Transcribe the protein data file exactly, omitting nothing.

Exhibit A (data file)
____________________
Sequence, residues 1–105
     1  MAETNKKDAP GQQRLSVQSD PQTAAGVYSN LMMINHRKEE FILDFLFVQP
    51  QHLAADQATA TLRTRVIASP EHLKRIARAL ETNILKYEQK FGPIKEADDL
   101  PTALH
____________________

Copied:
Sequence, residues 1–105
     1  MAETNKKDAP GQQRLSVQSD PQTAAGVYSN LMMINHRKEE FILDFLFVQP
    51  QHLAADQATA TLRTRVIASP EHLKRIARAL ETNILKYEQK FGPIKEADDL
   101  PTALH